Dave Krunal

Cybersecurity | Filmmaking | Perspective

DevSecOps

SAST vs DAST – The Spiritual Difference

Humans create applications.

Aren’t we also an app?

We are.

Just like an application, we do have a specific set of functions and lifecycle. We have weaknesses. And that makes us vulnerable. So, do we also seek security like an application?

We do.

In this article, I want to blend our inner and outer world to understand the fundamental difference between SAST (Static Application Security Testing) and DAST (Dynamic Application Security Testing).

Disclaimer – Please don’t validate whether this article is spiritual or philosophical. All my articles intend to understand the technology and core concepts with subtle strokes of creativity and perspective.

SAST (Static Application Security Testing)

You have to turn inwards to find your weakness.

SAST is a tool that uses an inside-out approach to find application vulnerabilities in the build time environment.

You can think of application source code as you. The more you know yourself from the inside, the better you do outside. From this context, finding vulnerabilities in an application’s source code increases the probability of secure deployment in production.

The whole idea of SAST is shifting security left in the DevOps pipeline. Because it saves money and time, above all, you are aware of your vulnerabilities in advance. You can never win the game if you don’t know your weaknesses.

If you have a terrible memory to remember your wedding anniversary, it’s better to put the reminder. Similarly, addressing critical vulnerabilities in the early stages of the software development life cycle is the beginning of security.

The vital thing to note is you can fix yourself from the inside. Therefore, SAST can scan everything. However, it has no business beyond the source code.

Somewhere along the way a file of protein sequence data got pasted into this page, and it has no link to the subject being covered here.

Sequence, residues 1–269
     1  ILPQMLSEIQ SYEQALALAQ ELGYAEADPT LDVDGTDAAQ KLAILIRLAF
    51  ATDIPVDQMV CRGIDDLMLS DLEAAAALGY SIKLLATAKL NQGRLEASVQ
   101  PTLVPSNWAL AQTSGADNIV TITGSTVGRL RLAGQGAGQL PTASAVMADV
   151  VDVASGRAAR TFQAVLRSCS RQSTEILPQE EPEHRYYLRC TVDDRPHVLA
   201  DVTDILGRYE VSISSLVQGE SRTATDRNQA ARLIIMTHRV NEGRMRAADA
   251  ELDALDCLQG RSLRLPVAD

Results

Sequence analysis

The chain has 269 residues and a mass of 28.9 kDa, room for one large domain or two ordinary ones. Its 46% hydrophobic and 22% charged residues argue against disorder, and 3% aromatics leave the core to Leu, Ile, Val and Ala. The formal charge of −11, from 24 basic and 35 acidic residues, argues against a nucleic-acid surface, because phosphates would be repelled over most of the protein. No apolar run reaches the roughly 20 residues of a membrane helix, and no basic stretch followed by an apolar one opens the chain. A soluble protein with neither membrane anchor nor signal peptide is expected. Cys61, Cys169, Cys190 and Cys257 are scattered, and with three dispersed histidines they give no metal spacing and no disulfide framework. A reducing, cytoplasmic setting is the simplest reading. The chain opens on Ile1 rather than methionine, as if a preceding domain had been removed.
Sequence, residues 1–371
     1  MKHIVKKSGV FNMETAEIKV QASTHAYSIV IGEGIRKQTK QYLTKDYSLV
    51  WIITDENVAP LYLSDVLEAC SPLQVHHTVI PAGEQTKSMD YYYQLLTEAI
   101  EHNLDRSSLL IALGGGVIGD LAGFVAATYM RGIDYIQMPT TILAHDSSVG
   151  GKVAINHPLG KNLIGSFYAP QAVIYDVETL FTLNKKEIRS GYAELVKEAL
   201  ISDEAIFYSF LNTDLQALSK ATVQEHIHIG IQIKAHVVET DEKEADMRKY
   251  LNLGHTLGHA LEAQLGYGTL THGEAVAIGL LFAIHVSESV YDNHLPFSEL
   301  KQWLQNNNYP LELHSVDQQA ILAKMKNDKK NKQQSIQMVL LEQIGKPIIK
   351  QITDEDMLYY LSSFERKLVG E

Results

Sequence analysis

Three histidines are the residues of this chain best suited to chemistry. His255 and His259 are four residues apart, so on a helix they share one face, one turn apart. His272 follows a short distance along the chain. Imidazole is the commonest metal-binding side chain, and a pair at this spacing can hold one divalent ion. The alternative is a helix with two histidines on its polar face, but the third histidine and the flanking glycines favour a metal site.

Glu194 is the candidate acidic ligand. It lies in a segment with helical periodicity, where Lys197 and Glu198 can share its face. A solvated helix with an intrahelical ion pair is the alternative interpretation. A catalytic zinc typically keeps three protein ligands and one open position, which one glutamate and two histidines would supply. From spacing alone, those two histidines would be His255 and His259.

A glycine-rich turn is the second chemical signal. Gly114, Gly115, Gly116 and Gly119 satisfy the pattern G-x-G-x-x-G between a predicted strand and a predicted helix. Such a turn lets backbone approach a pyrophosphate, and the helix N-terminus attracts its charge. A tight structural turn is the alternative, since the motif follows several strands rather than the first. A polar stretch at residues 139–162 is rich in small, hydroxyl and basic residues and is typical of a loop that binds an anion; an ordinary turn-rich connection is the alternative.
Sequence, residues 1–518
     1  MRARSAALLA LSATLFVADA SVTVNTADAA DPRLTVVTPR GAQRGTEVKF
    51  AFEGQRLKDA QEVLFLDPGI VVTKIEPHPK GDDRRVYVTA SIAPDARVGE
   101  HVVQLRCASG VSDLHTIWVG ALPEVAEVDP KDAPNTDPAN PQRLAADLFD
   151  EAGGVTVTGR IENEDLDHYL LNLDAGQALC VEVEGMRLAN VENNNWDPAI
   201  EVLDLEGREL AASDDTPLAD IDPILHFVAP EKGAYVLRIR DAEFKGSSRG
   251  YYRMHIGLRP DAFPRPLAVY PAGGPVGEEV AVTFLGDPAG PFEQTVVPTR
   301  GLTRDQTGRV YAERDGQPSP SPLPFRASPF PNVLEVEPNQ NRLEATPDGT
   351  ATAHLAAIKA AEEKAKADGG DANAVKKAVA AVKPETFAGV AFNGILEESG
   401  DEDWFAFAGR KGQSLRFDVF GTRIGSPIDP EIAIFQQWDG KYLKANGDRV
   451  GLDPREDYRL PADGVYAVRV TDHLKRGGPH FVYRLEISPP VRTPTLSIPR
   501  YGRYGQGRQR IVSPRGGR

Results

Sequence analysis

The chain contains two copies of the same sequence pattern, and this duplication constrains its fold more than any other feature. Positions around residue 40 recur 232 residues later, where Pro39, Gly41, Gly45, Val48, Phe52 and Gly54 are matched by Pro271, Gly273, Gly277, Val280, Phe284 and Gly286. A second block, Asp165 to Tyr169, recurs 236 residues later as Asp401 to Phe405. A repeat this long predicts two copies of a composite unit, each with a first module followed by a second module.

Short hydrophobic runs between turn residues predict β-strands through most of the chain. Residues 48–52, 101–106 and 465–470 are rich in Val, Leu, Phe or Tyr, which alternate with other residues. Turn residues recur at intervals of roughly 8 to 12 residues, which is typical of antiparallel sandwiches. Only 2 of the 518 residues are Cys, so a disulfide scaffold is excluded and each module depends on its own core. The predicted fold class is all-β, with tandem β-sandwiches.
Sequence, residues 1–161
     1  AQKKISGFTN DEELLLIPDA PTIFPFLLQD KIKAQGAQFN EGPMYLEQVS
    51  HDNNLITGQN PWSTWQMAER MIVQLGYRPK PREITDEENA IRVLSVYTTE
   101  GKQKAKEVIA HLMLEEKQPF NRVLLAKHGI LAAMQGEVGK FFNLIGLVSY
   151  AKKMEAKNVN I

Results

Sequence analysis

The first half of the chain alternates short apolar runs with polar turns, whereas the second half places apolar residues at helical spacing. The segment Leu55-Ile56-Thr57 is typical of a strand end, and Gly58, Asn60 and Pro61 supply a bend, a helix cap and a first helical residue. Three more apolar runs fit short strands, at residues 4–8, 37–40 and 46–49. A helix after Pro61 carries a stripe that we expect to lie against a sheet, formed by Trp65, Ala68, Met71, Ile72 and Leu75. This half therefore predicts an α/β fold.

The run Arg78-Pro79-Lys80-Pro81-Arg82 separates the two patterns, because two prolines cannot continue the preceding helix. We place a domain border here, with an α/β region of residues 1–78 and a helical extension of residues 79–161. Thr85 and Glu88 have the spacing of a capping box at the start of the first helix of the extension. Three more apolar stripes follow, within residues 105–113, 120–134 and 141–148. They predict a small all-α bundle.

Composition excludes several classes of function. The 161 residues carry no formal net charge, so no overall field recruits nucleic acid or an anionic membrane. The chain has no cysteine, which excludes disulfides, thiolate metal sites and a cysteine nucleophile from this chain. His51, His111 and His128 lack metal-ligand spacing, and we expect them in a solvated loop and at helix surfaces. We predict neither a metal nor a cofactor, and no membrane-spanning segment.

SAST doesn’t help to find vulnerabilities for 3rd parties. That’s where DAST comes into the picture.

DAST (Dynamic Application Security Testing)

Once the arrow is out of the bow, it’s no longer under your control. The same thing happens with production deployment.

Once your application is live, you have to deal with it. No matter what.

DAST has nothing to do with the application’s source code. Instead, it scans the entire application’s dynamic code or whatever is running in the production. It is a tool that deals with vulnerabilities in the run time environment. Therefore, it uses an outside-in approach. You can think of judging yourself while you look in the mirror.

You can also connect about the cosmetic industry I mentioned earlier with DAST in some way. People are not happy with the way they look outside to the world. It makes them vulnerable. Beauty products are nothing but fixing vulnerabilities from the outside. However, the problem could have been addressed much earlier, from the inside.

Please don’t try to match the analogy. The critical thing to note with the above example is when you ignore security in the early stages of the DevOps pipeline; you have to pay the price sooner or later. Therefore, DAST approach is costly and has limitations. It can only scan web applications and web services.

The Fundamental Difference

SAST is a developer tool like a meditation. It deals with your inner-self (source code) before you approach the outer world (production). DAST is a hacker’s tool. It deals with your outer self.

Internal scans work best in silence (SAST in build time). Once the application is live,  you have to deal with the noise and cost (DAST in run time).

SAST is a white guy (white-box testing), while DAST is a black guy (black-box testing)


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